Breast cancer patients who are less educated and have a lower household income are more likely to receive reduced doses of chemotherapy -- leading to undertreatment for their disease -- new research suggests.
Overweight and obese women are also more likely to receive less chemotherapy.
The report is published in this month's issue of the Journal of Clinical Oncology.
Researchers looked at 764 women with early breast cancer who were enrolled in a prospective, multi-center study of cancer patients starting chemotherapy.
Using U.S. Census Bureau statistics and zip codes, the study authors estimated each woman's household income and poverty status. The women were also interviewed to determine their level of education.
What they found was that women with less education were more than three times as likely as those with more education to receive reduced levels of chemotherapy.
Typically, doctors use a formula -- based on a patient's height and weight -- to determine what dose of chemotherapy patients should receive during treatment. But the women in this study didn't always receive as much chemotherapy as they should have, according to the study.
"What we saw was that women who had not completed high school were far more likely to be started on a lower dose [of chemotherapy]," said study co-author Dr. Gary Lyman, professor of medicine and oncology at the University of Rochester Medical Center in Rochester, N.Y.
"Why that might be, we really don't know," Lyman said. "We are collecting more data and hope to dissect out to the reasons for this undertreatment."
Undertreatment with chemotherapy is a very serious problem for breast cancer patients and cancer patients in general.
This finding sheds light on a very real discrepancy -- women with less money and less education are being given less of the medicine they need.
The study is an important first step in addressing the discrepancies, cancer experts say.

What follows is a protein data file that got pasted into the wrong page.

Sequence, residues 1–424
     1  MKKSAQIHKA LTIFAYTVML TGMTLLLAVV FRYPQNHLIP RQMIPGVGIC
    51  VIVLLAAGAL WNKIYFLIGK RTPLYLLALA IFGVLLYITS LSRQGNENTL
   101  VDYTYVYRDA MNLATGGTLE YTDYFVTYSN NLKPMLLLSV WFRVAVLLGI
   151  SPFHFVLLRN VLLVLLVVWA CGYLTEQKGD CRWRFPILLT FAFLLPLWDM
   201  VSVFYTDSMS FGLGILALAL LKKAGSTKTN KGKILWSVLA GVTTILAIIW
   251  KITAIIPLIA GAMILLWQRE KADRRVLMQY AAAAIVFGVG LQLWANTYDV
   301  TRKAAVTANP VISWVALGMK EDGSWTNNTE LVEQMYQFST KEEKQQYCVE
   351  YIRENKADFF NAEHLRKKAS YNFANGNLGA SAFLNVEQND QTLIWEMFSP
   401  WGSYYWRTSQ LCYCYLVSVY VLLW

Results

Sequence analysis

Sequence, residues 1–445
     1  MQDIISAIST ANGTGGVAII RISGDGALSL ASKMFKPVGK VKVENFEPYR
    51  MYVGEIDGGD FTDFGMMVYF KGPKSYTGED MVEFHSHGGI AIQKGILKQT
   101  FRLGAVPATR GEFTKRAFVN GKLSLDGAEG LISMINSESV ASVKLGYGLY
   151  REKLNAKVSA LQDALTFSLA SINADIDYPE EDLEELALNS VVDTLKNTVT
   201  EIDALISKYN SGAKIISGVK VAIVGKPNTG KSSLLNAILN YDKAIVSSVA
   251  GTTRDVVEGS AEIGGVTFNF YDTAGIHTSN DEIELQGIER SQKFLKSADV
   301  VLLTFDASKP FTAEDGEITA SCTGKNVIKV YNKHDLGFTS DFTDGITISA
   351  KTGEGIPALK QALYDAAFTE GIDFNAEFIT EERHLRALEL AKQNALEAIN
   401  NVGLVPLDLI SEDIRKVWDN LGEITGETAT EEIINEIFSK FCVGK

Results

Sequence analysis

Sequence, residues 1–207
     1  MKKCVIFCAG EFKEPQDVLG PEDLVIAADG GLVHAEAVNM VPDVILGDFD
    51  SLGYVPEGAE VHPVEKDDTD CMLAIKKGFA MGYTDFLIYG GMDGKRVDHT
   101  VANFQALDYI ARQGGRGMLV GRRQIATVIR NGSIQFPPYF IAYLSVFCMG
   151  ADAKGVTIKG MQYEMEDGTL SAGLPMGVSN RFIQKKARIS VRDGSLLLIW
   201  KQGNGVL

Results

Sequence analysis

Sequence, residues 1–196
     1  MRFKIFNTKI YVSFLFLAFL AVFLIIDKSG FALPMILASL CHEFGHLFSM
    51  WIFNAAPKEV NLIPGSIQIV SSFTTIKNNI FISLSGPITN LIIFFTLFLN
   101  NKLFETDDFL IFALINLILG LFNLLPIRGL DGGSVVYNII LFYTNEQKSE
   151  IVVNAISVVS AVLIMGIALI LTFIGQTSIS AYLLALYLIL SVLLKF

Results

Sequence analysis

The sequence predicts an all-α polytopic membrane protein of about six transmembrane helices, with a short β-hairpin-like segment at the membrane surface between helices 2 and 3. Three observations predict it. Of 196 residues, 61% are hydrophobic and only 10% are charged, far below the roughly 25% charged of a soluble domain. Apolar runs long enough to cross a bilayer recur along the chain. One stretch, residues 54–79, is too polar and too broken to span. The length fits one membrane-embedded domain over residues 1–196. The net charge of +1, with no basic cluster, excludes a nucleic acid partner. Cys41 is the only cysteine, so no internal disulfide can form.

"This study is significant," said Dr. Clifford Hudis, Chief of the Breast Cancer Medicine Service at Memorial Sloan-Kettering Cancer Center in New York.
"Undertreatment of patients with chemotherapy is a broad problem," Hudis said. "It has been called 'killing with kindness," and it is important to understand where and how it happens so that we can address the issue."
Women who are overweight are also likely to be under treated with chemotherapy, the new research confirms.
Obesity is controversial as a risk factor for breast cancer; studies haven't shown that obesity causes breast cancer, but obese women are at increased risk of dying from the disease.
Scientists estimate that between 11,000 and 18,000 deaths per year from breast cancer in U.S. women over age 50 might be avoided if women could maintain a Body Mass Index under 25 throughout their adult lives.
The lower survival rates in heavy women may be associated with higher levels of estrogen production in these women.
However, they may not do as well because they are treated differently.
"Many drugs are dosed based on a calculation of the body surface area that uses both height and weight," said Hudis. "For larger people this leads to larger doses, sometimes at levels that concern clinicians."
"This leads them to err in the direction of underdosing to avoid harm."